$$\cos(6^\circ) = \cos(36^\circ - 30^\circ)$$$$ = \cos(36^\circ) \cos(30^\circ) + \sin(36^\circ) \sin(30^\circ)$$$$ = \left( \frac{1 + \sqrt{5}}{4}\right) \left( \frac{\sqrt{3}}{2}\right) + \left( \frac{\sqrt{10-s\sqrt{5}}}{4}\right) \left( \frac{1}{2}\right)$$$$ = \frac{\sqrt{3}(1 + \sqrt{5}) + \sqrt{10 - 2\sqrt{5}}}{8}$$$$ = \frac{\sqrt{7 + \sqrt{5} + \sqrt{30 + 6\sqrt{5}}}}{4}$$Wowee wow. Up for a challenge? Use the half angle and double angle formulas with these results to show that$$\sin(3^\circ) = \frac{\sqrt{8 - \sqrt{3} - \sqrt{15} - \sqrt{10-2\sqrt{5}}}}{4}$$$$\cos(3^\circ) = \frac{\sqrt{8 + \sqrt{3} + \sqrt{15} + \sqrt{10-2\sqrt{5}}}}{4}$$$$\sin(12^\circ) = \frac{\sqrt{8 - 2\sqrt{8 + \sqrt{30+6\sqrt{5}} - \sqrt{6 - 2\sqrt{5}}}}}{4}$$$$\cos(12^\circ) = \frac{\sqrt{8 + 2\sqrt{8 + \sqrt{30+6\sqrt{5}} - \sqrt{6 - 2\sqrt{5}}}}}{4}$$And technically you can get any exact sine or cosine value for any multiple of $3$° by iteratively adding various angles to $3$° using the sum / difference sine and cosine formulas. I won't derive all of those results, but a few years ago someone at ASU did here » if you're curious to see what they all look like (external link).

One Too Far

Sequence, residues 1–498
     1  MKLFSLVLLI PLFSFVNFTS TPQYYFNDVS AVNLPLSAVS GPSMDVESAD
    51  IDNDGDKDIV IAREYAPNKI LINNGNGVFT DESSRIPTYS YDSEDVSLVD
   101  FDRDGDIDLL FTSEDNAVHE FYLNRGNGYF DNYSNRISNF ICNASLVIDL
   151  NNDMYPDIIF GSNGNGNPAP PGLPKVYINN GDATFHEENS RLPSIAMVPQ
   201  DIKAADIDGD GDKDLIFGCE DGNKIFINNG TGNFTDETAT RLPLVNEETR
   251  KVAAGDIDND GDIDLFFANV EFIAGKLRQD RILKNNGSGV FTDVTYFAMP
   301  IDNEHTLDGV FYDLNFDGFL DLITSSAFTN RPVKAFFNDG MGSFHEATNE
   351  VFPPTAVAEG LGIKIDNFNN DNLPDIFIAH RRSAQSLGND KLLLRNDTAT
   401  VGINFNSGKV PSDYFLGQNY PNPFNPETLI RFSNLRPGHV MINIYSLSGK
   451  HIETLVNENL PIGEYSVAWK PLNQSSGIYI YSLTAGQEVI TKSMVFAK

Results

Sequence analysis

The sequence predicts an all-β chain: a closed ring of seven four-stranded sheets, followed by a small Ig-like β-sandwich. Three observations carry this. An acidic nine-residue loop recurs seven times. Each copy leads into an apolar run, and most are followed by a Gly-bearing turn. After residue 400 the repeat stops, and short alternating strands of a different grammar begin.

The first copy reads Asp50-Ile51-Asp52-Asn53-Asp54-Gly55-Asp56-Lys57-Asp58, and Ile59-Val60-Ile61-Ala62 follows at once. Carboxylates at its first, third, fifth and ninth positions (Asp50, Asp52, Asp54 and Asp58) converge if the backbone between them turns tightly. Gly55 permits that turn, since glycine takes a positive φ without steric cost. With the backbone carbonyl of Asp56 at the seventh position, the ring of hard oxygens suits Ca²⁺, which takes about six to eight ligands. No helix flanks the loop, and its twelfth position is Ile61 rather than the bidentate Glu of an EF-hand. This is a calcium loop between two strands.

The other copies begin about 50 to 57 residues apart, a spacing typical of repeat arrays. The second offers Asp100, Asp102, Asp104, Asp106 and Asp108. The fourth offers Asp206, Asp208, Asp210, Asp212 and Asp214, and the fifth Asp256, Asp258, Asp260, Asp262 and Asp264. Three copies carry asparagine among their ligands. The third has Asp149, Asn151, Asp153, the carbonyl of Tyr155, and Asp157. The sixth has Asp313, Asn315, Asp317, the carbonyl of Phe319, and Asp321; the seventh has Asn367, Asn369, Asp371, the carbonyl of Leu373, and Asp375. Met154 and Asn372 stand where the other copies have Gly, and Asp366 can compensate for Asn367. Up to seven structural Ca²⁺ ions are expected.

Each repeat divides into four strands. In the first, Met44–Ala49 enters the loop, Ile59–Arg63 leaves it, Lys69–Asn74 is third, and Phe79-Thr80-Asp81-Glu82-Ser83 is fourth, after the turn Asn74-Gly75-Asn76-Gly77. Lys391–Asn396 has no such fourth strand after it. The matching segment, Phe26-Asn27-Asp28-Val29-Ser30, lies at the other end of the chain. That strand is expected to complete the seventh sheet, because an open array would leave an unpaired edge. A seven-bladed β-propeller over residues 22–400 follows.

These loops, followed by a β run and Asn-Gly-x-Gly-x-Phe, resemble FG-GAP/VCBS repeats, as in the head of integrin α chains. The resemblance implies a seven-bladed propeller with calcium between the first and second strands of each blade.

For a long time, I thought the exact values of sine and cosine of $3$° was as far as we could go. And as we can see, it's certainly complicated enough. Furthermore, in the real world, folks who actually use trig (engineers, physicists, other smart folks) are doing computer work anyway, making theoretical exact calculations like this purely a matter of satiating the thirst for completeness and exactness.However, if like me you find out you truly can get to the thing you were always curious about, you're going to follow the rabbit hole until you hit its bottom. So let's get wild, child.By using De Moivre's Theorem », we can create an expression for the sine of one-third of an angle. Once we have that monstrous result (and yes, it is genuinely deserving of the name), we can use the result for $\sin(3$°$)$ to obtain an exact-value result that I once believed to be a mathematical unicorn - $\sin(1$°$)$.Let's start with De Moivre's Theorem. It tells us that$$\mathrm{cis}\left(\frac{\theta}{3}\right) = \sqrt[3]{\mathrm{cis}(\theta)}$$$$\longrightarrow ( \cos(\theta / 3) + i\sin(\theta / 3) )^3 = \cos(\theta) + i\sin(\theta)$$$$\longrightarrow \cos(\theta) + i\sin(\theta) =$$$$\cos^3 (\theta / 3) + 3i \cos^2 (\theta / 3) \sin (\theta / 3) - 3\cos(\theta / 3) \sin^2 (\theta / 3) - i \sin^3 (\theta / 3)$$Now, the left hand side real part is $\cos(\theta)$, and it will be equal to the non-imaginary terms on the right side. Similarly, the imaginary part of the left side is $\sin(\theta)$, and it will be equal to the collective imaginary terms on the right side without the $i$. In short,$$\sin(\theta) = 3\sin(\theta / 3) - 4\sin^3 (\theta / 3)$$Ultimately, we have a cubic equation, which is absolutely solvable. It's possible to use the cubic formula » to solve this, but because it is a depressed cubic equation (meaning that there is no quadratic term), it is fairly manageable to solve by brute force.First, let's let $R$ be equal to $\sin(\theta / 3)$, and let $x$ be equal to $\sin(\theta)$. Now we can write our equation as$$R^3 - \frac{3R}{4} + \frac{x}{4} = 0$$Now, let $R = u + v$ such that our equation now reads$$(u + v)^3 - \frac{3(u+v)}{4} + \frac{x}{4}$$If we expand the cubic and also select $u$ and $v$ such that we require $uv = 1/4$, we have$$u^3 + 3u^2 v + 3 u v^2 + v^3 - \frac{3(u+v)}{4} + \frac{x}{4}$$$$u^3 + v^3 + 3uv(u + v) - \frac{3(u+v)}{4} + \frac{x}{4}$$and since we said that whatever we chose for $u$, we would choose $v$ to make sure that $uv = 1/4$, we have$$u^3 + v^3 + \cancel{\frac{3(u+v)}{4}} - \cancel{\frac{3(u+v)}{4}} + \frac{x}{4}$$$$u^3 + v^3 + \frac{x}{4} = 0$$Now, rewrite the result solving for $u^3 + v^3$, and at the same time, note that our requirement that $uv = 1/4$ leads to a requirement for $u^3 v^3$:$$u^3 + v^3 = -\frac{x}{4}$$$$u^3 v^3 = \frac{1}{64}$$Squaring the top equation of these two yields$$u^6 + 2u^3 v^3 + v^6 = \frac{x^2}{16}$$and if we subtract away $4u^3 v^3$ from each side of this we get$$u^6 - 2u^3 v^3 + v^6 = \frac{x^2}{16} - 4u^3 v^3$$On the right hand side, however, let's replace $4u^3 v^3$ with $4 \cdot (1/64)$:$$u^6 - 2u^3 v^3 + v^6 = \frac{x^2}{16} - \frac{4}{64}$$$$u^6 - 2u^3 v^3 + v^6 = \frac{x^2-1}{16}$$Recognizing a perfect square trinomial on the left hand side:$$\left( u^3 - v^3 \right)^2 = \frac{x^2-1}{16}$$Taking the square root of both sides yields$$u^3 - v^3 = \pm \frac{\sqrt{x^2-1}}{4}$$At long last, we have the equations in place to solve for $u$ and $v$, which will allow us to write an expression for $R = u + v = \sin(\theta / 3)$.$$\begin{cases} u^3 + v^3 = -\frac{x}{4} \\ u^3 - v^3 = \pm \frac{\sqrt{x^2-1}}{4} \end{cases}$$Therefore,$$u^3 = -\frac{x}{8} \pm \frac{\sqrt{x^2-1}}{8}$$$$\Rightarrow u = \sqrt[3]{\frac{-x \pm \sqrt{x^2-1}}{8}}$$and$$v^3 = -\frac{x}{8} \mp \frac{\sqrt{x^2-1}}{8}$$$$\Rightarrow v = \sqrt[3]{\frac{-x \mp \sqrt{x^2-1}}{8}}$$$$\therefore R = \sqrt[3]{\frac{-x \pm \sqrt{x^2-1}}{8}} + \sqrt[3]{\frac{-x \mp \sqrt{x^2-1}}{8}}$$Finally we have the needed formula: an expression for $\sin(\theta / 3)$ in terms of $\sin(\theta)$.$$\therefore \sin \left( \frac{\theta}{3} \right) = $$$$\sqrt[3]{\frac{-x \pm \sqrt{x^2-1}}{8}} + \sqrt[3]{\frac{-x \mp \sqrt{x^2-1}}{8}}$$To find the actual exact value of $\sin(1$°$)$, plug the value of $\sin(3$°$)$ into this wonderful formula! That I leave to you. I'm happy enough just knowing the answer exists 😁